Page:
Donegal is home to some of the best surf that Ireland has to offer and the lively seaside town of Bundoran is one of the epicenters of the Irish surf scene. There is a variety in and around the town depending on your ability level. The best waves are typically from September to May, although beginners can take lessons from one of the many surf schools in town throughout the year. Bundoran’s Main Beach also hosts the annual Sea Sessions surf music festival every July, which is always great craic.
At the very tip of the Inishowen Peninsula is Malin Head, Ireland’s most northerly point. When it comes to coast views, there’s nowhere better than there to stand still and take it all in. Seals and dolphins can be spotted around the headland and basking sharks often gather in the waters here during the summer months. After a day of adventuring around the headland, be sure to stop into Farran’s Bar, Ireland’s most northerly for a well-earned pint.
My favorite thing to do in Donegal
For me, the rugged, untouched landscape of Donegal is what truly makes it special. One of the most amazing places to experience this wilderness is in Glenveagh National Park. Not only are there a range of different trails to explore but the park is also home to a diverse range of wildlife and different terrain from mountains to woodlands to bogland, all of which you can dive into with ease from the park. Wild camping is also permitted within the national park with a permit, allowing you to spend more time soaking up the incredible natural beauty of this stunning corner of the country.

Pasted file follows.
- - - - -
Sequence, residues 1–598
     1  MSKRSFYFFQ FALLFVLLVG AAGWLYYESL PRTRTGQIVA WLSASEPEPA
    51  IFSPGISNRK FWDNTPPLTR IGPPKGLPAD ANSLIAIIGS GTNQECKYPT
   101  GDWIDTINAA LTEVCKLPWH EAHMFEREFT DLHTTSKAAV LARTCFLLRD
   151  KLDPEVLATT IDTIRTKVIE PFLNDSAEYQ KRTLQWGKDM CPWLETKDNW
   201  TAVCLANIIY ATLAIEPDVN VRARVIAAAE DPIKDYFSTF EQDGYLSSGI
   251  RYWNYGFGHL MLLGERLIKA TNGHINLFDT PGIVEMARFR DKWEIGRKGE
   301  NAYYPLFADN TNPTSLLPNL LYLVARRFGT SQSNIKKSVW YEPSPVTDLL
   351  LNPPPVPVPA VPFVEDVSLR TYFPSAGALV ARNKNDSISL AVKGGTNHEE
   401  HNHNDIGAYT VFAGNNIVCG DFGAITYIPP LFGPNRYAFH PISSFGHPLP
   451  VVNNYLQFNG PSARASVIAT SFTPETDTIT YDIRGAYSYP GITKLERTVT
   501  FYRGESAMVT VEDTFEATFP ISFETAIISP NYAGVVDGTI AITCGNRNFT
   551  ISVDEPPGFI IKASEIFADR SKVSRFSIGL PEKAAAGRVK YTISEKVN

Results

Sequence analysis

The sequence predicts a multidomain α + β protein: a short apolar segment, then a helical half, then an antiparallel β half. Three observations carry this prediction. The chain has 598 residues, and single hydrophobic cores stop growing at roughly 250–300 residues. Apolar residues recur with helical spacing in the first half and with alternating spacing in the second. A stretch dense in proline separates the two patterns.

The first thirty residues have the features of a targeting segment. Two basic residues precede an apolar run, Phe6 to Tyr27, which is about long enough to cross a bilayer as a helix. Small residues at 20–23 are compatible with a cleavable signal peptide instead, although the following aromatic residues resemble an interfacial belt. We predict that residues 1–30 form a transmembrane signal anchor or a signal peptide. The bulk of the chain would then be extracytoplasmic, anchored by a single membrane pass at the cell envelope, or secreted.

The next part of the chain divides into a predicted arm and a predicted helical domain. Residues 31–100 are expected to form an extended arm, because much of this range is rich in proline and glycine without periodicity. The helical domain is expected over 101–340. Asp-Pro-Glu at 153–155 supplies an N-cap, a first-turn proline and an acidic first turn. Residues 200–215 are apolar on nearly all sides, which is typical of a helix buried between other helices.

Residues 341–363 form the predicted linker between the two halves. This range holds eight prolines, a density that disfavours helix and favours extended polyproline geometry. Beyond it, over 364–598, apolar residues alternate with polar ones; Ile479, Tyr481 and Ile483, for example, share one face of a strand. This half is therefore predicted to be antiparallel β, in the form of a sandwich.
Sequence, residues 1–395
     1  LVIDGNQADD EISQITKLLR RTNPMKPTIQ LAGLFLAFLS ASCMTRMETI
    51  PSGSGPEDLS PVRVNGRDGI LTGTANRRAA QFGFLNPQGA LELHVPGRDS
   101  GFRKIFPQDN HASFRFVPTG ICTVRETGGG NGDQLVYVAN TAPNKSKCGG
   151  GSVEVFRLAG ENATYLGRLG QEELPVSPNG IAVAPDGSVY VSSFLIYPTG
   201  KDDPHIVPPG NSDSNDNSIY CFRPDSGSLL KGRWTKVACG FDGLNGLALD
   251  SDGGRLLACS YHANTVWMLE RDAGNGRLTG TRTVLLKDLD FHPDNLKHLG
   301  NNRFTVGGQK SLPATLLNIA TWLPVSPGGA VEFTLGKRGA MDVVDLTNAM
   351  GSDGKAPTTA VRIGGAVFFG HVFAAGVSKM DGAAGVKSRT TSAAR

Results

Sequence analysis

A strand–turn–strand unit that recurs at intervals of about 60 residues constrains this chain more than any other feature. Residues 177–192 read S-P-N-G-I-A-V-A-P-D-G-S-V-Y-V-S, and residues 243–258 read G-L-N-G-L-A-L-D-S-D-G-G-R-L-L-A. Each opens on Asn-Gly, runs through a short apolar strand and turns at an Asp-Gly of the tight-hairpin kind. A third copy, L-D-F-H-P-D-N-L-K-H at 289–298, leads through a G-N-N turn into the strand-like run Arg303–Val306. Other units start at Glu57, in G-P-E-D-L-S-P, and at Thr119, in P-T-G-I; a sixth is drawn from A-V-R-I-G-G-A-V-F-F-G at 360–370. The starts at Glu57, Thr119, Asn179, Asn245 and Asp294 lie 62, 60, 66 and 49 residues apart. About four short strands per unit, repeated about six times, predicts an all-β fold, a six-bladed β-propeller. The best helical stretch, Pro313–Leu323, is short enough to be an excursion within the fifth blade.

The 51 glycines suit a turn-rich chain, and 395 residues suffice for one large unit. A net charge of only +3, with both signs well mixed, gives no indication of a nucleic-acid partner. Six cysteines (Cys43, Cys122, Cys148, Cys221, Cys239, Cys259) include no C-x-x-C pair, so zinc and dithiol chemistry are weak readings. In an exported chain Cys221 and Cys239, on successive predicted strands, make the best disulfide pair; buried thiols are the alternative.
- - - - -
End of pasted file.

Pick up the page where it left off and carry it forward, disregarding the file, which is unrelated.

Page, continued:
In addition to the wild outdoors, Glenveagh Castle and Gardens are also contained within the park, offering an opportunity to take a step back in time and learn about the history of the area and how the park came to be. The gardens in particular are beautiful, featuring an impressive collection of shrubs and trees from the southern hemisphere.
How much money do I need for Donegal?
Donegal has a range of dining and accommodation options with something available for all budgets. If you're staying in hostels with self-catering, traveling by public transport and eating at inexpensive restaurants, you can expect to spend about €40 to €60 per day. If you prefer to stay in 4-star hotels, eat at more upmarket restaurants and rent a car, you should budget between €200 to €300 per day for a couple. Listed below are an idea of the prices you should expect in Donegal:
- Basic hotel room: €85 to €140
- Self Catering Apartment: €100 to €170
- Local Link Bus Service: €3
- Coffee: €2.50 to €3.50
- Sandwich: €4 to €8
- Pint: €5.50 to €7.50
- Dinner for two: €30 to €80
Frequently asked questions
Allow plenty of time
Donegal is a large county and travel times can be slow so be sure to allow plenty of time to get from A to B.
If you are self-driving, be sure to take it slow. A lot of the roads, particularly in rural areas, are narrow and winding. You will often be sharing them with farm machinery, cyclists, walkers and the odd sheep, so drive with caution.
Bring plenty of layers
The weather in Donegal is very changeable so be sure to pack plenty of layers so you stay warm and dry no matter what time of the year you are visiting.
Watch the weather
In Donegal, the weather can really impact your plans so be sure to check the forecast in advance and plan your travels accordingly.
Come at the right time for your activity
If you’re chasing waves, winter is the best time to visit. Festival goers and roadtrippers will have more fun in summer. And for hikers, spring and autumn are great times to explore the mountains.